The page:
A company exists as a legal entity separate from its owners (the "shareholders") and those who manage the affairs of the company (the "directors"). This means that the shareholders and directors are generally not liable for the debts of the company. Exceptions to the general principle that directors are not personally liable for debts of the company, are to be found in provisions relating to insolvent trading as defined in the Corporations Act 2001 (Cth). In essence, insolvent trading involves incurring a debt at a time when there are reasonable grounds for believing that the company is no longer able, or is likely to be no longer able to pay its debts as and when they fall due.
The Australian Securities and Investments Commission (ASIC) is the regulatory body governing companies in Australia and administering the Corporations Act 2001 (Cth). ASIC's aims are, among other things, to provide protection for consumers and businesses in their dealings with companies.
Most Companies are a Private Company (also known as a Proprietary Company).
This is a company which does not sell its shares to the general public (e.g. through a stock exchange). The transfer (sale) of shares in such a company is usually restricted in some way, such as by the requirement that the directors of the company must approve any transfer of shares and that new shareholders only become members of the company on registration of the transfer of the shares to them by the company. A proprietary limited company must have a minimum of one member (shareholder) and can have up to 50 non-employee members (shareholders). The liability of the shareholders of the company is limited to the uncalled amount, if any, owing on their shares. A private company has the words "Pty Limited" or "Pty Ltd" after its name.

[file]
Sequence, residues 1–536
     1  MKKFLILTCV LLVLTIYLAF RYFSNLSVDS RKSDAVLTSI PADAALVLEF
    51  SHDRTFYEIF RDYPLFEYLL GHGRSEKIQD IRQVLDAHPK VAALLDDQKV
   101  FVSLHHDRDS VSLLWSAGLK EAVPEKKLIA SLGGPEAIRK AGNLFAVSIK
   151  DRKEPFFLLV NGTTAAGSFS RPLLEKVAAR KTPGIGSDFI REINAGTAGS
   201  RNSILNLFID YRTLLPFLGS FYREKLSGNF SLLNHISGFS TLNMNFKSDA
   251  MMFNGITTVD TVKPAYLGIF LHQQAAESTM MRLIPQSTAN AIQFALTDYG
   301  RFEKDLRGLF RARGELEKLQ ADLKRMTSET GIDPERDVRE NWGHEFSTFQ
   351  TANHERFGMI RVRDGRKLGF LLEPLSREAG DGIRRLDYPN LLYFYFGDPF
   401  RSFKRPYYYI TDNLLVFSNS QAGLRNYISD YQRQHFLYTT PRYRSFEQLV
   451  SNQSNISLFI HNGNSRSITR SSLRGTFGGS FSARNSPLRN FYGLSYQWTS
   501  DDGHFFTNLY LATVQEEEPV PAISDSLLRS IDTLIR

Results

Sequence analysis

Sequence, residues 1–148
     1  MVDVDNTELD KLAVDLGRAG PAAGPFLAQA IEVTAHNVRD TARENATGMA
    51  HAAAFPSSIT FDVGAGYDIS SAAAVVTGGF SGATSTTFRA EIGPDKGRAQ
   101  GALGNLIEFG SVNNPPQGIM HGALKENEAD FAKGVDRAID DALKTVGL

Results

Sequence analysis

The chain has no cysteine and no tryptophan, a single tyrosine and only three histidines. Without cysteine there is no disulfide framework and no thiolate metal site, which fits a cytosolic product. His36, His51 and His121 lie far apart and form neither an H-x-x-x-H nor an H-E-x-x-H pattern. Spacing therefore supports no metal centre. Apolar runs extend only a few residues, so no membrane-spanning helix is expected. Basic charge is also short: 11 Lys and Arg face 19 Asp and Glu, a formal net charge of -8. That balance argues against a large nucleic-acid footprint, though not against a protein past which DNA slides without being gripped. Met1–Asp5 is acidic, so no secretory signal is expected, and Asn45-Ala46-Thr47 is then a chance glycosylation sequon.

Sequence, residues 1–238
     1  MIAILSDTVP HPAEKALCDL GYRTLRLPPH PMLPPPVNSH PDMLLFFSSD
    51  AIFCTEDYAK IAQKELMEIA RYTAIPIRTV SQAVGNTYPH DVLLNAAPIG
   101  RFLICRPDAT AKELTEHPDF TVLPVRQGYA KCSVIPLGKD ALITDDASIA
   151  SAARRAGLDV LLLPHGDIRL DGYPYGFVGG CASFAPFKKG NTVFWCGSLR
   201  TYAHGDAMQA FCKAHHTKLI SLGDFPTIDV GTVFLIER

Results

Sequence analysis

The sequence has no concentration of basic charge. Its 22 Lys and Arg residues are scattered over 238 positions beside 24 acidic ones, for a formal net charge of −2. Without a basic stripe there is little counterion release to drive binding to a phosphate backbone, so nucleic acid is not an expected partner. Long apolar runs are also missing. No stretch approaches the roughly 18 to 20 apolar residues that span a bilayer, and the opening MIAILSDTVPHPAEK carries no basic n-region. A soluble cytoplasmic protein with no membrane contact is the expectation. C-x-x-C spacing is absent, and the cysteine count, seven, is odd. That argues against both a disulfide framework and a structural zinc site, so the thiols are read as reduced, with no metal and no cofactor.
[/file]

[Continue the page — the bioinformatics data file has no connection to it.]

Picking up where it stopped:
The accounting requirements imposed on a proprietary company depend on whether the company is classified a small or a large company. A company's classification can change from one financial year to another as its circumstances change.